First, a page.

Now this doesn't mean that doing what you want to do will give you purpose in life, because our hearts aren't always the best or wisest guides. Yet scripture does show us that God wants us to not only know our desires, but to trust Him with them. In Proverbs 16:9, we see this nugget. "The heart of man plans his way, but the LORD establishes his steps." God shows us that we need to know what we want, but we try and go about it all on our own. Unless we are allowing God to plan our steps, we really aren't likely to get where we want to be quickly, unscathed, or at the right time, unless we let God show us how He wants us to get there.
Recently I was in New York City for the first time, and it was pretty much mind blowing. There is so much crammed into so many places. When I got there, we had meetings set up all across the city, and I personally wanted to visit Midtown Comics before we rolled out. I knew where I wanted to go, but with subways, cabs, seas of people, and the fact I couldn't remember the name of the place we were staying, there was no way I was going to get where I wanted to go without someone planning my steps for me.
"Delight yourself in the LORD, and he will give you the desires of your heart." Psalm 37:4.
Remember that sometimes your biggest hold up is simply knowing what you want and allowing God to use it.
Sometimes you don't know what you want, though. You are still trying to find what speaks to you, what moves you, or gives you purpose. If that’s the case, you obviously have to pursue another route. Sometimes the best way to find purpose is to look where purposeful things are happening. In Henry Blackaby's book, Experiencing God, he shares the concept that one of the best things we can do in this process is simply look where God is moving, and then join in. It doesn't mean you have to make a lifelong commitment, but go, experience it, serve, learn, and see if this is something for which you were built. This is what happened with The Doctor in a manner of speaking. He was off on his cloud, pouting and mourning the loss of the Ponds and completely ignoring the instructions of his wife, when his attention was drawn to a mystery that was taking place nearby him. He saw something was taking place that made him feel more like who he was supposed to be. He engaged in it. The great thing about this is that it didn't have a happy ending. The situation resulted in the death of a woman he had just met, but it inspired him to get off his cloud, get back into the world, and to once again regain his purpose. This lead him to his next companion, the woman that would see him through a regeneration and the longest period of his life, all because he responded to seeing movement around him.
So where do you see God moving around you? Where do you see movement in the real world that you could become the presence of God in that situation? That's why I attend comicons, write these books, and do things like Geek Church. It’s because I saw that this culture is one I love. I can easily relate to this culture, and even more, I can be salt, light, and voice in it. Doing this stuff doesn't pay my bills or make my life easier, but I know this is something I'm built for. We see this in the early church when Paul heard of what was going on in the Colossian church. He writes, "We always thank God, the Father of our Lord Jesus Christ, when we pray for you, since we heard of your faith in Christ Jesus and of the love that you have for all the saints" (Colossians 1:3-4). Seriously, if Paul can hear of places God is moving before social media and instant connection with virtually the entire world, you've got options.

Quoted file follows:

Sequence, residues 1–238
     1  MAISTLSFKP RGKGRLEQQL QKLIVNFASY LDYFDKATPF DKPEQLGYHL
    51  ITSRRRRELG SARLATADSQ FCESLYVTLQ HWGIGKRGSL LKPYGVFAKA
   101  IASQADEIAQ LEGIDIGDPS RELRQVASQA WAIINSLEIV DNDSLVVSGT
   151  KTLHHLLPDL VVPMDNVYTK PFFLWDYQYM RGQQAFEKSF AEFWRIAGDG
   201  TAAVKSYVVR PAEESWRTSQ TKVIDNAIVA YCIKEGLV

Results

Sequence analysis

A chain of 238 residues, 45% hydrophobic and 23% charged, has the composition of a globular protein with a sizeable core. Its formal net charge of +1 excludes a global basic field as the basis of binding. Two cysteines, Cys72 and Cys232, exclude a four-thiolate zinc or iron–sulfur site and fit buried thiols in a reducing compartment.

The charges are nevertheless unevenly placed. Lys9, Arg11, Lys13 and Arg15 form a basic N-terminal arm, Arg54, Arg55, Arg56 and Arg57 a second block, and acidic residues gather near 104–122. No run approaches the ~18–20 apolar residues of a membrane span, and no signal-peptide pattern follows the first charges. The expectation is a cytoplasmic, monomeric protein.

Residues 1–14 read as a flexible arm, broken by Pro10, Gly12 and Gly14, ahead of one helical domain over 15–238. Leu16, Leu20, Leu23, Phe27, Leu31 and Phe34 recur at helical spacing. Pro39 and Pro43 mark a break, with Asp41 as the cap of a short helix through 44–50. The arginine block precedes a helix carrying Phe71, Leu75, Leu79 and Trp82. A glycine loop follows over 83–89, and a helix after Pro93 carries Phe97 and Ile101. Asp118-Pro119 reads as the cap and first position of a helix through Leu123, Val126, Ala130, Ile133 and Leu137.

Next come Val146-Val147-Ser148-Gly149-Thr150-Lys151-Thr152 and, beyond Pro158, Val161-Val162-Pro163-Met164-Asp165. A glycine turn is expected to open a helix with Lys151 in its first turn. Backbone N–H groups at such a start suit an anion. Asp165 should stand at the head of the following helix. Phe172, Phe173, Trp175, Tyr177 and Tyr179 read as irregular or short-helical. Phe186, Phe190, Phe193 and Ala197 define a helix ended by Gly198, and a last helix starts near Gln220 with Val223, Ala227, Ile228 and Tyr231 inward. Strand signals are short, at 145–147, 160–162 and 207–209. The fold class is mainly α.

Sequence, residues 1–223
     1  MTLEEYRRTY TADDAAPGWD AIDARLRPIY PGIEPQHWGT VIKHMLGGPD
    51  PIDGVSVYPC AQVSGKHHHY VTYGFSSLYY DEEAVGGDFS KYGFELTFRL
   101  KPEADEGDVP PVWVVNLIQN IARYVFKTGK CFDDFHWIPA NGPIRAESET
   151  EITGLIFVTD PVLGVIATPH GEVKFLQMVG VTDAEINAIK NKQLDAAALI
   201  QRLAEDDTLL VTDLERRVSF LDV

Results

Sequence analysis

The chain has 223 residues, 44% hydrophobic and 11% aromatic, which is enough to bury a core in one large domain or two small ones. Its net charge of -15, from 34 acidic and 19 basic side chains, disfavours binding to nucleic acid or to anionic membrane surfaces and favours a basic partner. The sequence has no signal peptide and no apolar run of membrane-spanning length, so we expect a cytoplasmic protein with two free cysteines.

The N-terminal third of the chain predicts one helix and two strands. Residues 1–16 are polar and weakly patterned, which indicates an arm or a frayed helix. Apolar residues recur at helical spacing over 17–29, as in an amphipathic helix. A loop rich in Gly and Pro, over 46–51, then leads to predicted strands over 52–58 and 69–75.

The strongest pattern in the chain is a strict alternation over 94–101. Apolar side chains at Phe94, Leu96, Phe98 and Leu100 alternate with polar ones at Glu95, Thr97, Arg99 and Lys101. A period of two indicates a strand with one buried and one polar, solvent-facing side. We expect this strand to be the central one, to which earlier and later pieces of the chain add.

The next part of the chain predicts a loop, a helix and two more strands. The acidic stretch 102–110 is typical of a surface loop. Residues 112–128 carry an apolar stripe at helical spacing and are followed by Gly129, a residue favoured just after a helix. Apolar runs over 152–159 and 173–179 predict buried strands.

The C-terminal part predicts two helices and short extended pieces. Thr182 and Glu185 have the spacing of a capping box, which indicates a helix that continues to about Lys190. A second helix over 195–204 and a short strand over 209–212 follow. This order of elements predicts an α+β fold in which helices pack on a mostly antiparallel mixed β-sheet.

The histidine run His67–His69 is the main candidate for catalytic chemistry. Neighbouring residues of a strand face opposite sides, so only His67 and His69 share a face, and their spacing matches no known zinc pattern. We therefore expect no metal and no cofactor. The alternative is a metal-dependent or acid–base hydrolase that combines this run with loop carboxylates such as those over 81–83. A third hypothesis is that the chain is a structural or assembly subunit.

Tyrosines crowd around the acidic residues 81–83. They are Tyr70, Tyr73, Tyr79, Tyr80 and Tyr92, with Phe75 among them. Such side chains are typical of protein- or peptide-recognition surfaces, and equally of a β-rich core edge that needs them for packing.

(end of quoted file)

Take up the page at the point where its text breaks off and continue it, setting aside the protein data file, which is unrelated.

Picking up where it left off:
One last suggestion is to re-evaluate the things in your life right now to see if there are things of purpose that are already present and you might just be overlooking. Simply put, sometimes we are missing living a life of purpose because we have a poor perspective on what's going on around us. After the events of The Dark Knight, Batman pretty much walked away from Gotham. Yes, he had the setback of being the city’s scapegoat, but his goal and purpose never changed. He just let his own insecurities shape his perspective. It took Bane showing up with the League of Shadows and thrashing Gotham before he finally regained the perspective that Gotham needed a Batman. All along it needed a Batman, regardless of how the city or Bruce Wayne felt. In scripture, John the Baptist was one of the people closest to Jesus. This cousin of the King was literally present for Jesus's entire childhood, and was there to baptize Jesus at the beginning of his ministry. He was even standing there when the Spirit of God came down. His entire purpose in life had been to prepare people for what Jesus was going to do, but after imprisonment and isolation, this happened:
"John's two disciples found Jesus and said to him, ‘John the Baptist sent us to ask, “Are you the Messiah we've been expecting, or should we keep looking for someone else?’" - Luke 7:20.
Even this person who knew Jesus so well and had personally saw what God was doing in His life lost his perspective. Jesus didn't rebuke Him though; He encouraged him. Maybe we think our life lacks purpose because we truly have lost the perspective of it. Maybe it's not that our life, career, marriage, or future have lost value, but that we have let the distractions or discouragements blind us to it. We need to ask God to give us fresh eyes to clearly see and evaluate what he has placed in our lives.
As we see David write in Psalm 32:8, "I will instruct you and teach you in the way you should go; I will counsel you with my loving eye on you." I believe God desires to guide us, give us purpose, and give us an abundant life. We simply need to be sensitive and focus on trusting Him to guide us.
Know what you want.
Look where God is moving.
Reevaluate your current situation.